Me! Obsessed? Never! But yesterday Louis, Flea and I set off for the hills…
I wanted to show them the wild flowers I wrote of last week. And I wanted to photograph them. As I opened my camera, the battery died. Backups at home. Oops. Flea to the rescue. And so the first 14 photos are thanks to her: my adopted sister, my father’s caregiver, Felicity Spence! Thanks, Flea!
We parked the car in the same spot as last week and set off to explore the lower 500 odd meters of the climb, where most of the flowers that had so enthralled me grow. In the first photo Sequoia lies somewhere behind the left tree that breaks the horizon. In the next photo we look up towards the first ridge. The summit is very much higher.
In particular I was fascinated by a neat, low grey leaf, one of the many helichrysums, that grew like a groundcover amongst the grasses. This photo shows both it and some of the many other plants that make up the meadow on the lower slopes. The close-up below shows at least three kinds of grey-leaved helichrysum. As I have said before – the garden value of the leaves of many plants is outstanding, before we have even considered their flowers!
One of the flowers I’ve watched out for on Sequoia over the years and never seen – although the neighbours have it 400m from my boundery – is Moraea spathulata. It is very clearly of the iris family, about the size of a Dutch Iris, and dotted about the grasslands in a most attractive way.
Below is Dicoma zeyheri in all its purplish greyish glory. I’m very pleased to have identified it, after loving it when I first saw it at Annie’s Fortune.
It is described by Elsa Pooley in A Field Guide to Wild Flowers Kwazulu-Natal and the Eastern Region as follows: “Used in traditional medicine to treat chest ailments, as blood strengtheners to mothers after a long difficult birth. Hardy garden plant, long lasting cut-flower.”
There is something heart-warming about identifying a new discovery in such detail… and I love its (very appropriate) common name: Doll Protea – for the blooms are carried a mere 30cm above the ground on quite a slight plant considering the robustness of its flower.
The photo does not do justice to this Berkeya – I suspect it is B. mackenii. The leaves are finely wrought – literally: they appear to be made of aluminium and because of their shine they photograph with great difficulty. Another plant that I am keen to try in garden conditions – what a presence it has! It was to me the great discovery of last week’s climb.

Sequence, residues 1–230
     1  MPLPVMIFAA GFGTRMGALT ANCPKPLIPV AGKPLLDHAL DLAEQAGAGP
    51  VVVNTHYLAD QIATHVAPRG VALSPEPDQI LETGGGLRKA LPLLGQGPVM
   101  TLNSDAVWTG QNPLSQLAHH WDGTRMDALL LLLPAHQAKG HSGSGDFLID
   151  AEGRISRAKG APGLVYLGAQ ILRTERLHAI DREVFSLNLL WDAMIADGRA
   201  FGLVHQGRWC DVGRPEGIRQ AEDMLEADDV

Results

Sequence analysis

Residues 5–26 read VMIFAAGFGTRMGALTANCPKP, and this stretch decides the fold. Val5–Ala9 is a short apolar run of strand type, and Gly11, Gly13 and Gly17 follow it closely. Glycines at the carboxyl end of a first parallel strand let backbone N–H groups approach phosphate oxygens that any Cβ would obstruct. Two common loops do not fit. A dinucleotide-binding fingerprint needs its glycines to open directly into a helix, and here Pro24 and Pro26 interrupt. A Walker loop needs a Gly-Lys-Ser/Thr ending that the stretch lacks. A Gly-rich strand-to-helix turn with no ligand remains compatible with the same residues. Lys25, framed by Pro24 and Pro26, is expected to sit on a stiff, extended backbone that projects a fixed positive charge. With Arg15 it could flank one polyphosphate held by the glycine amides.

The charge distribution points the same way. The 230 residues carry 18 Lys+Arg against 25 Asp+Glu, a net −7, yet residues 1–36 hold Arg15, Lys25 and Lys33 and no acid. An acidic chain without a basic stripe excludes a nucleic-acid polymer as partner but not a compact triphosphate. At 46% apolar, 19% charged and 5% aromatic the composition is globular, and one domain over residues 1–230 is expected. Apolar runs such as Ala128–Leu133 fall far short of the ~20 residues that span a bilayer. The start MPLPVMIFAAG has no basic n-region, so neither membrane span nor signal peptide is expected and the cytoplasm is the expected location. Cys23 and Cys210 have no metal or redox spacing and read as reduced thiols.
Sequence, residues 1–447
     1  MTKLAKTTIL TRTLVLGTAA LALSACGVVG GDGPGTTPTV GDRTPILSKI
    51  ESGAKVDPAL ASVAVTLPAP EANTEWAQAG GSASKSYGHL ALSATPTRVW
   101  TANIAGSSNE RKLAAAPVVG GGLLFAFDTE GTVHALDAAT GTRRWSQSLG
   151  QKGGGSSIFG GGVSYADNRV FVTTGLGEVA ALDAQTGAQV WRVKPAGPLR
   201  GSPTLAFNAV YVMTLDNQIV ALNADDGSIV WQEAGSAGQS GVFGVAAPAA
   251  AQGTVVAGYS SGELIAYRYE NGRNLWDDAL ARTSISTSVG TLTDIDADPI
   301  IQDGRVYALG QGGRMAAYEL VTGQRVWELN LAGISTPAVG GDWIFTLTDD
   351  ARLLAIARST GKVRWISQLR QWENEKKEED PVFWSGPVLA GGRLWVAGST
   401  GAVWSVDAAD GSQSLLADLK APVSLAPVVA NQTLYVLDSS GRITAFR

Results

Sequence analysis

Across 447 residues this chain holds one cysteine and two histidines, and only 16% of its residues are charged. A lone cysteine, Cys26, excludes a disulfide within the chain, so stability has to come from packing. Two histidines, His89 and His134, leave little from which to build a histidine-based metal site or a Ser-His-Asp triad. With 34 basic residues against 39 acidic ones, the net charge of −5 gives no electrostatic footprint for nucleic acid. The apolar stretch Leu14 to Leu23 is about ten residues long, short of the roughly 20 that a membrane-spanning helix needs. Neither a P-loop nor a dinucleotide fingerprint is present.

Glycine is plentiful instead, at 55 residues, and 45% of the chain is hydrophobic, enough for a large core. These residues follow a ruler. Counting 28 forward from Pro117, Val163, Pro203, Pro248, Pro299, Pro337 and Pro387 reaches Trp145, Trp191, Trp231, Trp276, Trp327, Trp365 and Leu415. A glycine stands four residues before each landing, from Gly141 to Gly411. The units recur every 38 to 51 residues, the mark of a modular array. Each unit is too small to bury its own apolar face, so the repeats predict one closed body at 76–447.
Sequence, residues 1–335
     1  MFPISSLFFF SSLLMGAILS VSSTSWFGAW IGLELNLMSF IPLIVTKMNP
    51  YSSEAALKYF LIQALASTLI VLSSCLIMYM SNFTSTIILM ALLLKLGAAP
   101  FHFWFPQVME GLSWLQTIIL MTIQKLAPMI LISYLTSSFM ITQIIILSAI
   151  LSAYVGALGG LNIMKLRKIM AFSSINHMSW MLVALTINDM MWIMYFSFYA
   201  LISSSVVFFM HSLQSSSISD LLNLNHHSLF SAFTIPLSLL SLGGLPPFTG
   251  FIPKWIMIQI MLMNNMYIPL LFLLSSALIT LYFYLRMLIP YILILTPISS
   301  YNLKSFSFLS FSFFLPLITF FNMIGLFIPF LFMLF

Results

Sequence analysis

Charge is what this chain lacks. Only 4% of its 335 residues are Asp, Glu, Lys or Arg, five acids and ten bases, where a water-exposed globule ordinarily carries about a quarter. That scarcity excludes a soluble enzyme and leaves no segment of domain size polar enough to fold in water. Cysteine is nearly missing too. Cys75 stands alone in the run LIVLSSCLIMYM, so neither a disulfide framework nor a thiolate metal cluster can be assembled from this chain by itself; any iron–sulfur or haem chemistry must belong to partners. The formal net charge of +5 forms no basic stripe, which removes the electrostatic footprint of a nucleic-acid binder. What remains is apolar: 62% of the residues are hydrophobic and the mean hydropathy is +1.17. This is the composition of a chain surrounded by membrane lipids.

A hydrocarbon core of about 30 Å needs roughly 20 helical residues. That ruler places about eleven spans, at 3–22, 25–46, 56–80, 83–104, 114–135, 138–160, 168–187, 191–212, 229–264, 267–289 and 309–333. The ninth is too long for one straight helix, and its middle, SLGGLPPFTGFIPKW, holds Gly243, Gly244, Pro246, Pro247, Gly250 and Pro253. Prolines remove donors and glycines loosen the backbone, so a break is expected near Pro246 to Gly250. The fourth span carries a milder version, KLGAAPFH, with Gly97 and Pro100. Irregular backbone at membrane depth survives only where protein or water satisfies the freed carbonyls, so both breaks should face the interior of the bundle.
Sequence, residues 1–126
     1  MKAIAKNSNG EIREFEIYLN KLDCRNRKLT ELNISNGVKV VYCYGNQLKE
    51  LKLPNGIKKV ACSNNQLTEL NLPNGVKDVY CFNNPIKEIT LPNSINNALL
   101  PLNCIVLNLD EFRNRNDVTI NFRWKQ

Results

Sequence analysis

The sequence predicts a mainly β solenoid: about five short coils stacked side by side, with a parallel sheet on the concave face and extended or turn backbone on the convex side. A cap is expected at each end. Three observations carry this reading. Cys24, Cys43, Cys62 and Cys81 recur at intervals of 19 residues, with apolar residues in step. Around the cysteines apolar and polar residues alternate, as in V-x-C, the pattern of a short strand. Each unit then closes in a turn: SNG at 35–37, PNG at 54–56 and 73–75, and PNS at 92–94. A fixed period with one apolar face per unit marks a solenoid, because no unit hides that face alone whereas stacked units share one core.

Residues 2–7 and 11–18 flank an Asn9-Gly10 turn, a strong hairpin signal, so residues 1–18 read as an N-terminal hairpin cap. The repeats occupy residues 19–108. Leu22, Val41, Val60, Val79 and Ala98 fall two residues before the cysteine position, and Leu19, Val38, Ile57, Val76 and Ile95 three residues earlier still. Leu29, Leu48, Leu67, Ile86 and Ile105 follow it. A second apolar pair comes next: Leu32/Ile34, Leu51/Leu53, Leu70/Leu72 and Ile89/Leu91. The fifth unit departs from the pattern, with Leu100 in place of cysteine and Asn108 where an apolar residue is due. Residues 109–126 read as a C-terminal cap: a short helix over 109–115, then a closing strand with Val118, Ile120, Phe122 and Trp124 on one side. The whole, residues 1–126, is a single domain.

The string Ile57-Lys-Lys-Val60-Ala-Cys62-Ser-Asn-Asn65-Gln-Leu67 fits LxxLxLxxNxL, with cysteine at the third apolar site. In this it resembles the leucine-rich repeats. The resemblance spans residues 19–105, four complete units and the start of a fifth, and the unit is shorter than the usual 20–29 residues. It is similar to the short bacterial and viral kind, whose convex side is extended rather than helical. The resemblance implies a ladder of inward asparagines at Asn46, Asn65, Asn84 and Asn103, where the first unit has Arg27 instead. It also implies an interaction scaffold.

Here is another of the plants I raved over on the Annie’s Fortune walk: in Alepidea amatymbica the flowers are so silver that the common name is Tinsel Flower. And look how gracefully they are carried!
I’ve mentioned before that there are over 250 species of helichrysum in South Africa. They vary from typical everlasting flowers to some of the most complex compound flowers imaginable. I found these heads, where each ‘circle’ is itself a compound flower, irresistable… but you ain’t seen nothing yet. Keep reading!
In the photo on the left the flowers are about life size; below is a detail from this shot.
This is not a great photo of an exciting discovery – a little orchid called, I believe, Satyrium longicauda. Many of our orchids are tiny and shy, and coming across one is always exciting.
Another exciting discovery was coming across Striga elegans, one of our most striking flowers, at a much lower and more accessible altitude than I have seen it before. It is parasitic on grasses. And although the delightful little blue Wahlenbergia cuspidata grows wild in my garden, it was great to find it on the walk.
And so with the landscape shot below, we end Felicity’s slideshow of our walk up the lower slopes of the Iron Crown. Difficult to believe how many treasures lie waiting for anyone willing to take a closer look!
There were two plants I took home with me: the one a helichrysum with an even more fascinating flower head than the one pictured above, which I wanted to photograph and identify – so far no luck.
Like some strange undersea creature, the flowers are carried on a plate that is structured like a pillar in gothic fan-vaulting, and the minute flowers – each less than 1mm across – are packed in tightly together on the upper surface. A flower that really repays closer scrutiny!
All along the path this little Felicia grows. It is a pink version of what is usually pale blue and known throughout the world as a Kingfisher Daisy. Most of them are a much paler pink. A pretty, useful garden plant, but not quite a star. But I noticed several last week that were a richer, stronger pink, and I picked enough off this one to strike a few cuttings. It is a ‘good form’ of Felicia filifolia. And so I end this third post on wild flowers from our mountain with the first of my wild ravings that will hopefully make it into the garden…
PS: I’ve come to the conclusion that I should avoid ‘clever’ layout. By the time I’ve posted and seen problems, then edited to fix them, I’ve wasted too much time due to my slow internet. So please forgive the rough edges in this post – there will be no more editing 😉